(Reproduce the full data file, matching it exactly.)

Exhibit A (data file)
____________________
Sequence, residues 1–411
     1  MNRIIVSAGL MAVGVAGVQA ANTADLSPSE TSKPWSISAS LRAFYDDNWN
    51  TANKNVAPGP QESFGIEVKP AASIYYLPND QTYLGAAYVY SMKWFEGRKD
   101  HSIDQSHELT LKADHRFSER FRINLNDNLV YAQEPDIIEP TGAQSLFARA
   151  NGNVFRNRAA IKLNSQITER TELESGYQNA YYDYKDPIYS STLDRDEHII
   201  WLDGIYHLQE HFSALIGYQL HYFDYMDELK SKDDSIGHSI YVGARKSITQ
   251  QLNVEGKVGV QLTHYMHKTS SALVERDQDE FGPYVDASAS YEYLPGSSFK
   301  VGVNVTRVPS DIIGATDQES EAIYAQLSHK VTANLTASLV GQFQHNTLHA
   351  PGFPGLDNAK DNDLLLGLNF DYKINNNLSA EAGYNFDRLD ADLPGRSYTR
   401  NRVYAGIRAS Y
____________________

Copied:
Sequence, residues 1–411
     1  MNRIIVSAGL MAVGVAGVQA ANTADLSPSE TSKPWSISAS LRAFYDDNWN
    51  TANKNVAPGP QESFGIEVKP AASIYYLPND QTYLGAAYVY SMKWFEGRKD
   101  HSIDQSHELT LKADHRFSER FRINLNDNLV YAQEPDIIEP TGAQSLFARA
   151  NGNVFRNRAA IKLNSQITER TELESGYQNA YYDYKDPIYS STLDRDEHII
   201  WLDGIYHLQE HFSALIGYQL HYFDYMDELK SKDDSIGHSI YVGARKSITQ
   251  QLNVEGKVGV QLTHYMHKTS SALVERDQDE FGPYVDASAS YEYLPGSSFK
   301  VGVNVTRVPS DIIGATDQES EAIYAQLSHK VTANLTASLV GQFQHNTLHA
   351  PGFPGLDNAK DNDLLLGLNF DYKINNNLSA EAGYNFDRLD ADLPGRSYTR
   401  NRVYAGIRAS Y